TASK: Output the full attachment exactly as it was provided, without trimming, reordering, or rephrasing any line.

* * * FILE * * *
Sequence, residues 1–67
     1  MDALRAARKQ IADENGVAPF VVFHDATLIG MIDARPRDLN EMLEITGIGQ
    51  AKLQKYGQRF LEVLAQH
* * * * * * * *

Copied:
Sequence, residues 1–67
     1  MDALRAARKQ IADENGVAPF VVFHDATLIG MIDARPRDLN EMLEITGIGQ
    51  AKLQKYGQRF LEVLAQH